BOE Minutes Showed a 6-3 Split on Interest Rate Hike
The dollar sold off through most of the day on Tuesday, but seems to be stabilizing this morning. The selloff began early yesterday morning with the release of US housing data and the industrial production numbers. Housing starts, which were expected to show a small increase, were actually down 10.6% MOM. And the future isn’t so bright either, as building permits also fell 4% MOM in April. The previous month’s numbers for housing starts were revised up slightly, but this revision was offset by March’s permit number, which was revised down. As I wrote yesterday, the US housing market continues to be a drag on the economic recovery, and a rebound isn’t in sight.
The other big data released yesterday were the industrial production and capacity utilization numbers for May. Industrial production in the US was flat, and capacity utilization edged lower. Both numbers were less than estimates, and reflect an economy that is struggling to find a foothold on the climb back out of the depths of recession.
The biggest news on this morning’s wires is the Bank of England’s release of the minutes from their May 5th meeting where they left rates unchanged. The vote was 6-3, with one member calling for a 50 basis point increase and two others for a 25 basis point rise; but the majority still warned against any rate increase. The minutes stated that a rate increase now “could adversely affect consumer confidence, leading to an exaggerated impact on both spending and firms’ perceptions of their desired productive capacity.” The pound sterling (GBP) had risen in anticipation of a future rate increase by the BOE, so the minutes were not good for the pound which dropped 1.5 cents after the announcement.
The pound rose against the dollar yesterday as a report showed that inflation had accelerated 4.5% last month from a year earlier. But jobs data released this morning convinced the BOE that their economy is just too weak to allow a rate increase. Jobless benefit claims in the UK increased 12,400 from March and stand at 1.47 million.
The BOE finds itself in a very similar position to the FOMC, which shouldn’t be a surprise, as the US followed the UK down the path of QE. Both central banks are now dealing with risks to their economy of a stubbornly high unemployment rate offset by rising prices. The UK, like the US, has decided to try to stimulate their economy first, turning a blind eye to the inflationary pressures that continue to build. But while both economies benefited from the additional stimulus in the short term, neither economy seems to be able to pull themselves out of the malaise of low growth and continued joblessness. QE has not, in my opinion, had a long-term positive impact on either economy. And worse, this quantitative easing ‘experiment’ that both the BOE and FOMC have been conducting could have very dangerous consequences for the long-term health of our economies. Neither central bank seems able or willing to stop the ultra loose monetary policies. Stimulus spending has become a drug to which both administrations have become addicted.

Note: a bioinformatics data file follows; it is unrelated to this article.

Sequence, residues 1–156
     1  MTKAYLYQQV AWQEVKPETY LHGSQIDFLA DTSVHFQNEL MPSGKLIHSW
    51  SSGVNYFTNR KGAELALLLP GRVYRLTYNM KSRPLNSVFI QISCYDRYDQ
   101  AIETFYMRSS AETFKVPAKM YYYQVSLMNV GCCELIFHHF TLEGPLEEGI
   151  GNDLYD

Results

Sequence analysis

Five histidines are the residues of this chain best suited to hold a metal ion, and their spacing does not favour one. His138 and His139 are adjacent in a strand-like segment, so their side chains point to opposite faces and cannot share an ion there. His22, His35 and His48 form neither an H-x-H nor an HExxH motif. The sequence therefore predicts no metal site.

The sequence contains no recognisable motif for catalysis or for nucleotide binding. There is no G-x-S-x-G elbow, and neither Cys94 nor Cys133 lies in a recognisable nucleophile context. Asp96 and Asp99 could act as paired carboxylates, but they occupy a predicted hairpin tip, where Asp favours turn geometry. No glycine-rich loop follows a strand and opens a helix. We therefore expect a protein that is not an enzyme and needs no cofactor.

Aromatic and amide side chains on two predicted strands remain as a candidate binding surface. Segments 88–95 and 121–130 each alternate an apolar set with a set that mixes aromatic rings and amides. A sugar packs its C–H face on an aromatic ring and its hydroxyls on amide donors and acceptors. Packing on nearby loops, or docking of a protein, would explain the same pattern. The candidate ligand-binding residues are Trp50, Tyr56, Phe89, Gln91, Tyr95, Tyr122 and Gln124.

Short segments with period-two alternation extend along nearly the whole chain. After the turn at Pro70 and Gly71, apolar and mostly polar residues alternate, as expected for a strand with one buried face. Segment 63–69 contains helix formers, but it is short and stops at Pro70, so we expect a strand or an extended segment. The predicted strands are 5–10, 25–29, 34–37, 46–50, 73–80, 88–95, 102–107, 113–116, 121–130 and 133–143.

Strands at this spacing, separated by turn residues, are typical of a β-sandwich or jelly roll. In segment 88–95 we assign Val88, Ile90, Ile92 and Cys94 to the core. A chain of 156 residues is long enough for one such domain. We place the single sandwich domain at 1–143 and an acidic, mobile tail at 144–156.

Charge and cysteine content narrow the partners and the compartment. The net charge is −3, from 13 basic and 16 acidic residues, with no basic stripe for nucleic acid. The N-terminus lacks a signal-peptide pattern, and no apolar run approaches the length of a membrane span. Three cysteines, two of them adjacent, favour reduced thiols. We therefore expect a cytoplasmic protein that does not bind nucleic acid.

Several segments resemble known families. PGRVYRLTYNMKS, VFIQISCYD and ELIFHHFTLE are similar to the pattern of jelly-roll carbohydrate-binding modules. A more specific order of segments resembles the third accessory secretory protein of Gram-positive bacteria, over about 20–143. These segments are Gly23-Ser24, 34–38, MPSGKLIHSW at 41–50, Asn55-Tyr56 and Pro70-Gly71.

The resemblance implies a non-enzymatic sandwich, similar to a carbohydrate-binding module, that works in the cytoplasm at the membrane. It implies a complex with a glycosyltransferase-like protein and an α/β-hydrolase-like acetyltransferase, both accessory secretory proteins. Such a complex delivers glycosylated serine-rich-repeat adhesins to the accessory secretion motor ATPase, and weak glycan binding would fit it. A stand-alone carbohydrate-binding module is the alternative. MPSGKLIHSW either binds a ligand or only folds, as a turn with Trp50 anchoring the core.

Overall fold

As expected, the US blew through the debt ceiling yesterday, but Treasury Secretary Timothy Geithner prevented a default by arranging a short term ‘loan’ of billions from the government pension program. The money should allow the US to continue to pay its bills through the summer, and most are expecting a deal by congress to raise the debt ceiling sometime soon. To his credit, Secretary Geithner did sound warnings about the deficits, saying they put the US economic foundation in danger. He warned that “neither Congress nor the administration should be able to use unrealistic assumptions about future economic growth or future political courage, or any other forms of magical thinking, to minimize the magnitude of the reforms that will be necessary”. Strong words by the Treasury Secretary, and hopefully they won’t fall on deaf ears (more magical thinking!).